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Several glacier-like landforms have been identified on Mars. We can view some of them with Google Earth and its virtual Mars planet. In the images of Ismeniae Fossae glaciers, the flow lines of these landforms are clearly visible too. Keywords: Mars, Google Earth, Satellite Imagery
Ice is a substance which is common in the solar system. Even Mercury, the planet closest to the Sun, is hosting ice, as observed by a NASA spacecraft that provided the first optical images of it in the shadows of a crater . Ice is also covering moons of Jupiter and Saturn and comets are made of it, mixed with rocks, dust and frozen gases such as carbon oxides, methane and ammonia . Besides water ice, the solar system possesses many other types of frozen substances, not only in the comets. The poles of Mars for instance contain frozen carbon dioxide, the deposition of which, during a pole's winter, is caused by low temperatures. In fact, 25–30% of the Martian atmosphere is deposited into slabs of CO2 ice (dry ice) .
Mars has two permanent polar ice caps, which consist primarily of water ice [4,5]. However, besides in its polar caps, the planet has ice in several glaciers [6-8]. A particular concentration of them had been found in the Ismenius Lacus region . At mid-Martian latitudes, the current models of Martian atmosphere are showing that ice should not be stable if exposed : it is supposed therefore, that most glaciers must be covered with a layer of rubble or dust that can prevent the transfer of water vapour in the sublimation of ice into atmosphere . The atmospheric pressure on Mars is so low that ice simply evaporates, if it is not well protected under a thick layer of dust. As told in , because Martian glaciers are contain substantial proportions of debris, they could be better described as rock glaciers [11-14].
Satellites orbiting over the planet had been used to identify the Martian rock glaciers : with the radar measurements made by the NASA Mars Reconnaissance Orbiter, the presence of ice had be determined and measured. In this manner, a research team of the University of Copenhagen has recently estimated the total volume of water ice present in massive belts of glaciers at the mid-latitudes of Mars, concluding that this volume is a very important water reservoir of this planet . The belts of glaciers are located around Mars between the latitudes of 30 and 50 degrees, on both northern and southern hemispheres.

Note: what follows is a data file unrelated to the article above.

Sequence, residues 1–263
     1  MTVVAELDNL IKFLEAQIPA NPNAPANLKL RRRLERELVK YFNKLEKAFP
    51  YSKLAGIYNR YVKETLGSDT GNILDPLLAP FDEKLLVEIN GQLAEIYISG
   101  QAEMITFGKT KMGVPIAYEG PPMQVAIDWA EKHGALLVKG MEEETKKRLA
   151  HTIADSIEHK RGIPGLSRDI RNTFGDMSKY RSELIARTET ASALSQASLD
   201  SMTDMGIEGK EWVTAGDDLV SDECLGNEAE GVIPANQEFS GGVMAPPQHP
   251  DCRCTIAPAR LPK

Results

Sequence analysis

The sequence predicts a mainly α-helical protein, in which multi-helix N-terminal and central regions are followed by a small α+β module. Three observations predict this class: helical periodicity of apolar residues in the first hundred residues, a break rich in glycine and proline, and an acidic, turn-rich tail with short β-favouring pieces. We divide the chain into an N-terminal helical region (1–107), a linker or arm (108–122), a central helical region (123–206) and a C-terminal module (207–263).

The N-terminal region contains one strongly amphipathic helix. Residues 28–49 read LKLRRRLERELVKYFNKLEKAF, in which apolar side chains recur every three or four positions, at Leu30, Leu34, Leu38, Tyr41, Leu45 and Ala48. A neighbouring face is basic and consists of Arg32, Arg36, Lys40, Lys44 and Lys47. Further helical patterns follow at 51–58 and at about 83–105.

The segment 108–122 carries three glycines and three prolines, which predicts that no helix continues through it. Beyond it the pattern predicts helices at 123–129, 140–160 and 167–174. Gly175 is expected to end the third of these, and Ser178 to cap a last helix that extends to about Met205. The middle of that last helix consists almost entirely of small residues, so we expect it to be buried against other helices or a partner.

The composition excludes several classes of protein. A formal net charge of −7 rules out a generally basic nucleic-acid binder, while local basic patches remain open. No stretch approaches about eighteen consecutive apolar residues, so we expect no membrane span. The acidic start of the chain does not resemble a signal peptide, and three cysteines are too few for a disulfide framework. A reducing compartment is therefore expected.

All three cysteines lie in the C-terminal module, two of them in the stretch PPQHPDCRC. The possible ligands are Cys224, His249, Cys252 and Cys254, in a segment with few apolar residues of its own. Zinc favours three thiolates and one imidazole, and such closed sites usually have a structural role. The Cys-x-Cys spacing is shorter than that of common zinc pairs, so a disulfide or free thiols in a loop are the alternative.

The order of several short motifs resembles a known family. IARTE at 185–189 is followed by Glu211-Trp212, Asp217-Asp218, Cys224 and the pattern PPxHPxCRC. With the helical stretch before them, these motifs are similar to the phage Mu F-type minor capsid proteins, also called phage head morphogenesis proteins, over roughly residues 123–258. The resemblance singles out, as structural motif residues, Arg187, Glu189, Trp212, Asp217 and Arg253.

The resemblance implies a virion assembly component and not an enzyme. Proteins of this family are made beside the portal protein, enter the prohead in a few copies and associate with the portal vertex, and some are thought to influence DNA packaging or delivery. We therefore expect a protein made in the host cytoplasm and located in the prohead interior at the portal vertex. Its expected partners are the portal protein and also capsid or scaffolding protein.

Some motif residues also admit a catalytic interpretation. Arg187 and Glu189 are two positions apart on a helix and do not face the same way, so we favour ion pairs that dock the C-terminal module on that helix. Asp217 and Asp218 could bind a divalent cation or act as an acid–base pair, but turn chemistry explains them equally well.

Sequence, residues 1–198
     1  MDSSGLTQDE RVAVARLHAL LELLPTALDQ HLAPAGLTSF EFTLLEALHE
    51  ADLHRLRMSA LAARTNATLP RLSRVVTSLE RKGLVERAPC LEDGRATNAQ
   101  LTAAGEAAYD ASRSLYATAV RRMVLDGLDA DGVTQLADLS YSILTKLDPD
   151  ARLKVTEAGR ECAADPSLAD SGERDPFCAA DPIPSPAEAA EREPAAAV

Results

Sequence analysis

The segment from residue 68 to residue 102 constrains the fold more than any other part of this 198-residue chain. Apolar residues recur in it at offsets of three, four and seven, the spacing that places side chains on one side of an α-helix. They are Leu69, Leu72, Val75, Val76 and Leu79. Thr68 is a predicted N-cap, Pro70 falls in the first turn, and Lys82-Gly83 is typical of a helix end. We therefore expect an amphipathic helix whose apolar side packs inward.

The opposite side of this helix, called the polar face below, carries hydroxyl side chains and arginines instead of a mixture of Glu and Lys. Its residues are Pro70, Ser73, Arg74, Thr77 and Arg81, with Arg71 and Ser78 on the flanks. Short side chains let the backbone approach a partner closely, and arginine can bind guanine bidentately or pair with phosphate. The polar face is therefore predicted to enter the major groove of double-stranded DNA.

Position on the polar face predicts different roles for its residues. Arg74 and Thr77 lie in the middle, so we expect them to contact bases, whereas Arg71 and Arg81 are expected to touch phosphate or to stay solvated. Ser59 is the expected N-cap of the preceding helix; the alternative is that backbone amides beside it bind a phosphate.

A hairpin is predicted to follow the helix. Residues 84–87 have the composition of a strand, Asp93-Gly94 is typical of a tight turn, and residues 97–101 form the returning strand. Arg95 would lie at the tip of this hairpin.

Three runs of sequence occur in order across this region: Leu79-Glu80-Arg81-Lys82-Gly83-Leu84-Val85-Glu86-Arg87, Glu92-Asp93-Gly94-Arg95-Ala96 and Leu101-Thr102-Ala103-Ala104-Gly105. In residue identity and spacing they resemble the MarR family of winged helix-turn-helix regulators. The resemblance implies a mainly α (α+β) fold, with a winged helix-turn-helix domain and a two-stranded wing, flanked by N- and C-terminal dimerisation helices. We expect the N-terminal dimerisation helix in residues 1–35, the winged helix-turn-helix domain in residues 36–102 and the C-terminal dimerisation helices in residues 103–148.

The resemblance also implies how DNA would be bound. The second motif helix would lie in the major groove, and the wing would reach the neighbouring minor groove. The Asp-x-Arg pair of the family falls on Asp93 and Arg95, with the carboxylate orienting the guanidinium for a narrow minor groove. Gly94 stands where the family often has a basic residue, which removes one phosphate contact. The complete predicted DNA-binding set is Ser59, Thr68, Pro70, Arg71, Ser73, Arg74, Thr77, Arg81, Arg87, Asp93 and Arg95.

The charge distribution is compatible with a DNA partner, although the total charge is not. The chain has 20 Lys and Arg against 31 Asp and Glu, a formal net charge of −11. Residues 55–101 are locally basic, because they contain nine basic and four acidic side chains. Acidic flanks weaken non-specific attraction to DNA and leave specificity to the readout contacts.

Some of the Martian glaciers can be viewed with Google Earth and its virtual Mars planet (maps of Google Earth are of a higher resolution than those on the browser version of Google Mars). On the Mars virtual globe, we can find some very-high-resolution images coming from the Mars Reconnaissance Orbiter's HiRISE camera (HiRISE means High Resolution Imaging Science Experiment). To see the glaciers, let us consider the region of Ismeniae Fossae. In the Figure 1A, we can see an elevation map (Google Maps) of this region and, in 1B, the same region in Google Earth. The Context Camera (CTX) on board NASA’s Mars Reconnaissance Orbiter (MRO) spacecraft has taken the images we find in 1B (Location: 40.59°N 42.08°E, acquired on January 28, 2007; Location: 40.46°N 43.48°E, acquired on February 8, 2007; Location: 41.77°N 44.11°E, acquired on November 19, 2006). HiRISE images are also available. In the Figure 2, we can see details from the image taken by the Mars Reconnaissance Orbiter at location 40.59°N 42.08°E, on January 28, 2007. The visibility of flow lines is enhanced using Gimp Retinex [17,18]. In both panels of Figure 2, we have the merging of two valleys in which ice, according to the local slope, is flowing.
The streamlines we clearly see in the images are interpreted to represent ice-flow features, as told in . In any case, using Google Earth, we can easily make comparison to glaciers on Earth: in the Figure 3 for instance, the flow lines of glaciers in Alaska are shown.
Figure 1: A) Elevation maps (Google Maps) of Ismeniae Fossae region. B) The same region in Google Earth. We can see images taken by the Context Camera (CTX) on board NASA’s Mars Reconnaissance Orbiter (MRO) spacecraft. Location: 40.59°N 42.08°E, acquired on January 28, 2007. Location: 40.46°N 43.48°E, acquired on February 8, 2007. Location: 41.77°N 44.11°E, acquired on November 19, 2006. HiRISE (High Resolution Imaging Science Experiment) images are also available. Note the merging of two valleys in the image at location 40.59°N 42.08°E.
Figure 2: Two details from the image taken by the Context Camera (CTX) on board NASA's Mars Reconnaissance Orbiter (MRO) spacecraft. Location: 40.59°N 42.08°E, acquired on January 28, 2007. The visibility of flow lines is enhanced using Gimp Retinex [17,18]. Note the behaviour of glaciers at the merging of two valleys. Glaciers are flowing according to the local slope.
Figure 3: Two images of glaciers in Alaska for comparison. The visibility of flow lines is enhanced using Gimp Retinex [17,18].
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Amelia Carolina Sparavigna, Department of Applied Science and Technology, Politecnico di Torino, Torino, Italy
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Sparavigna, A. (2015). Rock glaciers on Mars viewed with Google Earth. PHILICA.COM Article number 510.